By DON McINTOSH, Associate Editor
Members of Machinists Lodge 1005 voted down a contract offer from Daimler Trucks North America and went on strike at the company’s Portland truck plant 12:01 a.m. July 1. The 520 machinists were joined on strike later in the day by 68 members of Sign Painters and Paint Makers Local 1094. Two other union groups at the plant —117 members of Teamsters Local 305 and 19 members in Service Employees Local 49 — accepted company offers, but won’t be crossing picket lines.
The plant, located in the Swan Island Industrial Park, manufactures heavy-duty Western Star brand trucks used in mining, logging, oil fields and construction. Roughly 725 union-represented workers were turning out 26 trucks a day operating one shift. But they’ve been falling behind economically while the company prospered.
About 415 Machinists Local 1005 members packed a conference room at Holiday Inn Portland Airport at 10 a.m., June 29, for their first glimpse of the company’s “last, best, and final” offer. Bargaining hadn’t wrapped up until 2:55 a.m. that morning, so members had no chance to review the contract beforehand.
“The concession stand is closed”
In the weeks leading up to their contract’s June 28 expiration, Lodge 1005 members had worn union T-shirts with the slogan, “The concession stand is closed.” Now they listened as the union bargaining team explained that the company’s offer would increase wages $1.30 an hour over three years, but would also increase employee health care premiums as much as $45 a month, initiate a more restrictive absenteeism policy, and end the promise of post-65 retiree health benefits for employees who still had that coming. Each of those details drew howls from members.
Machinists District Lodge W24 Business Representative Joe Kear said this was his fifth time negotiating at the truck plant, and that it has been getting rougher each time, as the company tries to squeeze more out of workers.
Talks began June 10, but the union didn’t hear the company’s economic proposal until June 24.
Daimler started off proposing a $4-an-hour pay cut over three years — to make up for additional pension contributions it’s required to make. Daimler is the biggest employer in the Automotive Machinists Pension Trust, a multi-employer pension plan for companies that employ Machinists in Oregon and Washington. The trust had major losses in the financial crash that began in 2008, and participating employers are legally obligated to pay extra to make up the shortfall. Daimler’s rehabilitation surcharge will reach $5.58 an hour by 2015 — and that’s in addition to its regular $4.47-per-hour pension contribution.
The financial crisis may have caused the pension shortfall, but past decisions by Daimler made it worse. Fifteen years ago, the Portland plant had over 2,000 production workers; today there are 725. By shifting production to Mexico and North and South Carolina, Daimler caused the pension to become top-heavy, with relatively few active employees, and many retirees and inactive former employees.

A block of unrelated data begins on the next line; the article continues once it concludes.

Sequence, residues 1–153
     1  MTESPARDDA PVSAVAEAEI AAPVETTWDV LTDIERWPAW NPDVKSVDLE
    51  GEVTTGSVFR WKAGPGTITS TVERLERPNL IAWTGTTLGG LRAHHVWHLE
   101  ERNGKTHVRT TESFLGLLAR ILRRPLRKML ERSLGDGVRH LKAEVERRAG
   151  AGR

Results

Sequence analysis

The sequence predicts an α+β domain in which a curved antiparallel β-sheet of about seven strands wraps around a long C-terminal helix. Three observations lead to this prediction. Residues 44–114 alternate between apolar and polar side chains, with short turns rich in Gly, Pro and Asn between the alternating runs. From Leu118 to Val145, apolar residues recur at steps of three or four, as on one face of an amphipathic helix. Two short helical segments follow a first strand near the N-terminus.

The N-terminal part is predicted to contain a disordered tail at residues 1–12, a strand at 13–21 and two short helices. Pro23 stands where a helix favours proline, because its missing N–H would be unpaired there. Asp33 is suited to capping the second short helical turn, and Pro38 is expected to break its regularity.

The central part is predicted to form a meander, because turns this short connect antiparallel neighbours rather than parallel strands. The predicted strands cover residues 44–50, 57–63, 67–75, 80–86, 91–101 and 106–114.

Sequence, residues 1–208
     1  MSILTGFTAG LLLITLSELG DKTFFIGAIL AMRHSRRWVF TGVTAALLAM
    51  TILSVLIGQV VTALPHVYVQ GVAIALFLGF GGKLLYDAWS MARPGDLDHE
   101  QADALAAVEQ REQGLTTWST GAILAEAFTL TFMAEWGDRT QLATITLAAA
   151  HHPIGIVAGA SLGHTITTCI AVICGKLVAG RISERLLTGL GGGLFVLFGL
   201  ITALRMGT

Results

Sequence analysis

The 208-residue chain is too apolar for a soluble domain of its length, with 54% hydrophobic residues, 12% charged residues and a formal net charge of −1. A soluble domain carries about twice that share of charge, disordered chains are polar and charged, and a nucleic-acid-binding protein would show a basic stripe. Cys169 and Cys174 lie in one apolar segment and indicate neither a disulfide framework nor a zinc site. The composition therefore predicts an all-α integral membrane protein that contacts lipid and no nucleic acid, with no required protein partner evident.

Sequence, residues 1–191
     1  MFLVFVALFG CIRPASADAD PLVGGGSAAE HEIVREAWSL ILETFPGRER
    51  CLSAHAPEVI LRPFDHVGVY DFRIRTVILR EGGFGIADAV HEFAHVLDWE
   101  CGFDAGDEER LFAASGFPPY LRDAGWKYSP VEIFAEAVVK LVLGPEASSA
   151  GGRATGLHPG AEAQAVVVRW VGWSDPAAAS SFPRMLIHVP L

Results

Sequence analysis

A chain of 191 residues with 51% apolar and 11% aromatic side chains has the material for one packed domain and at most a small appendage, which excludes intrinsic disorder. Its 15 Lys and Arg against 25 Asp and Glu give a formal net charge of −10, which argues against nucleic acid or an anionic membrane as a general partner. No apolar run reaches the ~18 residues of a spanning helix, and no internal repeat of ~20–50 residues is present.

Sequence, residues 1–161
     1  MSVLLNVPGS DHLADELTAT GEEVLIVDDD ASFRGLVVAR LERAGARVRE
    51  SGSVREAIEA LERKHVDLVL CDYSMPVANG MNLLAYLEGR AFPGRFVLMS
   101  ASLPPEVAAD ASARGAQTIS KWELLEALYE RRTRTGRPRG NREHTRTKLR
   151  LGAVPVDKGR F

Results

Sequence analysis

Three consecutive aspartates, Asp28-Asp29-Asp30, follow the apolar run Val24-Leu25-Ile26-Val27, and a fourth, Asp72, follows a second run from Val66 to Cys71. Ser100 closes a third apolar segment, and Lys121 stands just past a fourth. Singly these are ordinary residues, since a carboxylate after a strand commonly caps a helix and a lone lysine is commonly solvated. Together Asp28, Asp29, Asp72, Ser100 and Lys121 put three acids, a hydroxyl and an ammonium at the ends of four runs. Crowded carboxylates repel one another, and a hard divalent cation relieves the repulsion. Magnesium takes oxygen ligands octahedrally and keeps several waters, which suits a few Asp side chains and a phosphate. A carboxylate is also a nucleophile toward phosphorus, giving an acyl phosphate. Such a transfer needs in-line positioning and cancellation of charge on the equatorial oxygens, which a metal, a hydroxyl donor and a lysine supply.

And the company isn’t the only one feeling the pain of the pension losses. The losses forced pension trustees to cut the rate at which benefits accrue, and eliminate supplemental disability coverage and a subsidized early retirement benefit.
The pension surcharge pertained only to the machinists, but Kear said the four unions stood together throughout the joint bargaining. The pay and health care premium increases were the same in all four contracts, which were voted on separately.
Overdue for a raise
Machinists and Painters members determined that the proposed wage increases — 60 cents, 40 cents, and 30 cents — weren’t enough, coming after a four-year wage freeze.
And many workers felt they never really caught up after agreeing to wage concessions in 2001 under company threat of plant closure. Wages were $19.05 then, and are $23.25 today.
Money is not the bottom line. Personal pride is.”
Layoffs — like the 250 workers let go March 1, have swept the assembly line of younger members. Those who remain take retirement benefits very seriously. When during the contract discussion one Lodge 1005 member asked how many in the room were 50 or over, at least half the hands shot up.
Past concessions have created three tiers of retiree health benefits: New hires have no company-paid health benefits when they retire; a previous group gets health benefits until they turn 65 and become eligible for Medicare; the oldest group, numbering 111, gets that, plus supplemental insurance after they turn 65. Eliminating the post-65 coverage was like salt in a paper cut, one worker told the Labor Press.
Despite its flaws, Lodge 1005’s bargaining team recommended approving Daimler’s offer, saying at the time that it was the best they expected to see from the company. But they weren’t surprised at the outcome.
“Money is not the bottom line,” said one Lodge 1005 member. “Personal pride is.”
Of course, money and personal pride are linked. Workers know truck sales are booming and quarterly profits are increasing. Yet their wages have been frozen. Every day to get to work, they go through the employee entrance, passing knee-high weeds by the employee parking lot and crossing railroad tracks. Three years after Lodge 1005 bargained into its union contract a company commitment to improve ventilation in malodorous restrooms, that hasn’t happened. Meanwhile, company managers drive Mercedes Benzes into separate parking lots through landscaping maintained by Local 49 members. They eat in separate areas, and have separate, cleaner, restrooms. To take any concession from an employer, in that context, is a bitter pill.
Pickets began Sunday at midnight, and continue 24 hours a day at three entrances to the truck plant, as well as a fourth location where pre-delivery inspections are performed.